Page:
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Samsung explains Galaxy S10, Note 10 Fingerprint Unlock Bug



After a British couple discovered that their Galaxy S10 could be unlocked by someone's fingerprints Samsung now has an official statement explaining the issue and advising the late model of Galaxy phone owners about what to do.

In brief, Samsung advises that anyone who owns a Galaxy S10 / S10 + / S10 + 5G, or Note 10 / Note 10+ and uses a silicone case or screen protector should remove that accessory, remove all existing fingerprint information, and re-register their fingerprints without using a silicone cover.

Samsung also says that Galaxy S1

0 and Note 10 owners should refrain from using silicone or screen protectors until the company can release an update, which may come "as early as next week." Once the update is available and installed on affected devices, you will then scan your fingerprint again, making sure to "scan your fingerprint in its entirety."

According to Samsung's statement, the source of the problem is a problem with the Galaxy S10 / Note 10's ultrasonic fingerprint sensor which causes the phone to incorrectly recognize 3-dime national patterns in some silicone and screen protections themselves as the user's fingerprint2. ] This means that everyone who uses their phone without cases or uses a plastic or glass screen protector should be clear. As mentioned, some users have posted videos like the one above and show that it is possible to unlock an S10 by placing a specific type of gel envelope on top of the sensor, even on a telephone with newly registered fingerprints, which in principle allows these gel cases to act as a p of master key.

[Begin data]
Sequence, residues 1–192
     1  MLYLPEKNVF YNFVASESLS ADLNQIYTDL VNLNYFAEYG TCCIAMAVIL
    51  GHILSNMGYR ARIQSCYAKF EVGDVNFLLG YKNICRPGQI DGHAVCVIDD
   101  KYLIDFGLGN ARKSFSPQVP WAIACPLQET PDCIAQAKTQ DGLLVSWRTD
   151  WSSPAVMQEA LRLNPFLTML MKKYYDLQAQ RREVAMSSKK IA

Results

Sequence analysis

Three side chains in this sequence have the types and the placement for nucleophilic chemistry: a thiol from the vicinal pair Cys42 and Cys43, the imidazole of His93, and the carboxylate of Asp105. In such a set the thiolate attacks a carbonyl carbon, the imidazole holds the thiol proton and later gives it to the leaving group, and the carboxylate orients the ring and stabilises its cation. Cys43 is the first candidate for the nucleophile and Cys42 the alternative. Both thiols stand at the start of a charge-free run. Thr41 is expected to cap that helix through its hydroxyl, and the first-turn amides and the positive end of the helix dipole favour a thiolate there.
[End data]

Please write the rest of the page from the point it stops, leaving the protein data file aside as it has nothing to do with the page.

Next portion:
The unfortunate thing for Samsung is that ultrasonic fingerprint sensors displayed on the display like those in the Galaxy S10 are generally considered more accurate and secure than on-screen optical fingerprint sensors like those used in OnePlus 7 Pro also OnePlus 7T .

At launch, some Galaxy S10 owners complained that the phone's fingerprint sensor on the display was a little too sensitive, which sometimes required users to press their fingers on the phone's screen several times to unlock the device. This later caused Samsung to send out a patch that adjusted the sensitivity of the S10's fingerprint sensor and made it easier to unlock the phone, but it may also have been the cause of this phone's recent silicone protection problem.

So keep in mind that if you're really worried about people hacking into your phone, it's still a crucial way to protect yourself when you keep your gadgets. And if you see people walking around with suspicious gel pads you might want to keep an eye on them too.


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